7. SJ

    I think you appeal to a wide variety of audiences with this post. I’m not a big idea girl, I don’t have a high IQ, I don’t understand markets enough to find any castles in the sky.. but I do have a good work ethic and am not repulsed by dealing with shit. I mean shit in the literal sense, and mostly from cats and dogs. I consider myself a “stay-at-home mom with a side hustle” and my hustle is to take care of other people’s animals while they’re at work or on vacation… and I do a pretty good job of it: I enjoy a nice reputation and many repeat customers. For now it’s just me, but I can easily see how with the addition of more time, technology and a few assistants I could scale what I do, and more importantly -how I do it- and have a rocking pet sitting business that covers all our living expenses. Maybe as the kids get older the occupational scale will tip and I’ll spend more time growing a business and less time helping the kids grow…

    • Mr. Groovy

      Let me get this straight. You’re a hard working mom who is dedicated to her children and has a side hustle that involves the removal of fecal matter? Que chevere! Don’t take this the wrong way, I don’t want your husband to beat me up, but you’re my kind of woman. And you never fail to restore my faith in America. Thanks for stopping by, SJ.

    • Mrs. Groovy

      The whole pet industry amazes me. Now we’ve got pet cafes and bars where dogs can sit beside you as you eat or slurp. Then there’s doggy day-care. Making your side hustle scale would be hard since there’s only one of you, SJ. If you start a pet sitting agency you can collect from the services of all the sitters. It’s a tough model though because the sitters only get to keep around half the fee for each visit. Many of them don’t seem to last in those jobs too long.

  8. Hahaha, I love this. There’s opportunity nearly everywhere you look; you just have to look correctly. I only recently started realizing this, but great things can happen (not just financially, but in life) when you keep yourself open to new things.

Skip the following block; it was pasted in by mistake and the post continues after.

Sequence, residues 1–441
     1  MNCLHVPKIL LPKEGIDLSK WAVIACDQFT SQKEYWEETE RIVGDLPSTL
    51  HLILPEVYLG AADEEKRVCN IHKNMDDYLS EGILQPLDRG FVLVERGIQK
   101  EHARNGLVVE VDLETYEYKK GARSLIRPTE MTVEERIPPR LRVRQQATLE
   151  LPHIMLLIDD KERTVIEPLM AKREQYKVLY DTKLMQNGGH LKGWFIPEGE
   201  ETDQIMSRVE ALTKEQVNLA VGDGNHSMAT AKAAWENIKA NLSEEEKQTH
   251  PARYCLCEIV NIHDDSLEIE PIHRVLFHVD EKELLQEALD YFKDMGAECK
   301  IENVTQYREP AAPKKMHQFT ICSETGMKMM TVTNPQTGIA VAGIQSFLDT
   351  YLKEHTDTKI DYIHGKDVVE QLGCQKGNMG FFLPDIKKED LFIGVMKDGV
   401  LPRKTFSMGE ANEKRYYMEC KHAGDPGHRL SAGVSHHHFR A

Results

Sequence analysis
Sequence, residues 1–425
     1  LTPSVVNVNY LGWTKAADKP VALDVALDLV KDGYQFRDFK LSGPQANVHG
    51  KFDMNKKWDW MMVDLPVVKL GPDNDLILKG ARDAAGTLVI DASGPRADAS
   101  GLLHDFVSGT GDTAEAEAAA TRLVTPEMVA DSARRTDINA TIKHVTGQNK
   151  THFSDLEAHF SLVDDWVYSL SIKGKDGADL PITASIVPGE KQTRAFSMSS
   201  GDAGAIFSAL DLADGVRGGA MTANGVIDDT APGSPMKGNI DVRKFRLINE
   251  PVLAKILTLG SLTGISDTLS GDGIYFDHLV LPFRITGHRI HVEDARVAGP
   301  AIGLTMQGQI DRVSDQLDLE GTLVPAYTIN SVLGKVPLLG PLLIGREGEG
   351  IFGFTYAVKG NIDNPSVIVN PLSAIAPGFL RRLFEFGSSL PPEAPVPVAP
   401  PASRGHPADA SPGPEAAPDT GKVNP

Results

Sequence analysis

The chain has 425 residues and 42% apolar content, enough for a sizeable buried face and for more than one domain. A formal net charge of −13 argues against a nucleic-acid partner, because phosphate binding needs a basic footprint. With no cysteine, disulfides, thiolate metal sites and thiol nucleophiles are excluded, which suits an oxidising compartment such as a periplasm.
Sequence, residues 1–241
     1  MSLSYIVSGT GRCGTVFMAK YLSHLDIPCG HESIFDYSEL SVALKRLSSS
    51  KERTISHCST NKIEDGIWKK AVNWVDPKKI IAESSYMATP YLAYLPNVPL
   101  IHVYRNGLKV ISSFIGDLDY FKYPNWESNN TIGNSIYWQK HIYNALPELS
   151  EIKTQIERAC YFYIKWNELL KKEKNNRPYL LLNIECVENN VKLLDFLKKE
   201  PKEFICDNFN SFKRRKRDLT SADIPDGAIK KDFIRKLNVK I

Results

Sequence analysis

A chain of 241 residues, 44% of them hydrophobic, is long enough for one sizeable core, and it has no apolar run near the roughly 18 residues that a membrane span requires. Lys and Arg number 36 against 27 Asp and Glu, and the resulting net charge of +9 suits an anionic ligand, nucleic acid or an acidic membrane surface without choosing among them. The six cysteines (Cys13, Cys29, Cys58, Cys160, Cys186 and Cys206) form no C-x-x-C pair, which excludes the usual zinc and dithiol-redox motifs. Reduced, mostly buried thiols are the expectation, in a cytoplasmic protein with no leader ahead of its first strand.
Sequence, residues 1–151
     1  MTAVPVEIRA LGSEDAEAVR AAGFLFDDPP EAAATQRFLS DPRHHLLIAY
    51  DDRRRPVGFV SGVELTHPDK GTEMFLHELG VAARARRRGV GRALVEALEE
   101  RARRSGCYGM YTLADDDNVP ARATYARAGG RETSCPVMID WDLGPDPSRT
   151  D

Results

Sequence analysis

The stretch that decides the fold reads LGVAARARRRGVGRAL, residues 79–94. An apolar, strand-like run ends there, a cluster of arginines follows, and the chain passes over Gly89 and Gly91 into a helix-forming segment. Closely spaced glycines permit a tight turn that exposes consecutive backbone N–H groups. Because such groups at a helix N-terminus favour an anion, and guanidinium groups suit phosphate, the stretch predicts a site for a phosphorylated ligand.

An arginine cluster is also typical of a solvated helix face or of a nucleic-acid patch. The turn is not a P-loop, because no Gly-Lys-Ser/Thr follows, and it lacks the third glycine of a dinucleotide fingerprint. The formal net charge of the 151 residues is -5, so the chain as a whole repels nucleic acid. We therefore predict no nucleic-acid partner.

9. 20 years ago when I was in college I started a business to pick up dog poop. It was appropriately called, Scoops Pet Waste Removal Service. My friends and family laughed at me and at the same time I was offered a high-paying job at a pharma company. Needless to say, Scoops never really got off the ground – but I still think it could’ve been lucrative. A missed opportunity.

    • Mr. Groovy

      I have this crazy idea of creating a poop-bot. You set it down in the backyard and it scurries over the lawn like a roomba picking up all the doodie bombs. The guy or gal who invents this will make a fortune.

  10. Great post. It’s not a good idea to stay monogamous with your income, and these are some clever thoughts on how to improve and diversify it. Plus you work in 99 Luftballons, Seinfeld and Betty Boop, so what’s not to like? We should all take some time to hone our opportunity-seeking skills.

    • Mr. Groovy

      Yes! The triple threat–99 Luftballons, Seinfeld, and Betty Boop. If this isn’t Rockstar material, I don’t know what is. Thanks for stopping by, Gary. Your “It’s not a good idea to stay monogamous with your income” is one of the best FI-related lines I’ve heard in a long time. Kudos.

  11. Yeah think outside the box, because who would’ve thought doggie daycare would be anything people would actually pay for? I mean wtf?! And doggie bakeries? Really?! bakeries for dogs exist and aren’t bankrupt? Hahahaha… sigh…..

    Great post! Market failure and making the complex easy are 2 areas that should be rife with opportunity. If only you can recognize it before the next guy. 🙂

  12. Schools are going to blacklist your blog, and colleges will have to include ‘trigger warnings!’ Nice out of the box thinking- both on the writing style and the opportunities out there!

    • Mr. Groovy

      Haha! I didn’t think about those ramifications, Daniel. This post is definitely not “safe space” material. Expect the death threats in 3…2…1…

  13. This thought process is fantastic! I don’t know why I wasn’t thinking like this before. I feel like the scales have fallen from my eyes. Dare I say you took something that was complicated (finding opportunity) and made it simple!